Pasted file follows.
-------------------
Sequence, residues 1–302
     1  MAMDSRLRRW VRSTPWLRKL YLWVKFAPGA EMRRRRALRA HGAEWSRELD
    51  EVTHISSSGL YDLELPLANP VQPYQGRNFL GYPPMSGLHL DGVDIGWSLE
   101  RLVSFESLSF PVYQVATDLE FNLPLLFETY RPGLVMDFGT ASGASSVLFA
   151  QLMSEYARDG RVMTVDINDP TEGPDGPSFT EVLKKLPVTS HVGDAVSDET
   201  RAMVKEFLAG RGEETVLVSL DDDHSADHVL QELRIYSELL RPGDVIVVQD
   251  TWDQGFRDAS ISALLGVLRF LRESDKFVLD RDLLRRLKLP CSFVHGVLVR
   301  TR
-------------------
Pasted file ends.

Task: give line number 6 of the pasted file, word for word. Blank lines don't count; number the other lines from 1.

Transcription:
   201  RAMVKEFLAG RGEETVLVSL DDDHSADHVL QELRIYSELL RPGDVIVVQD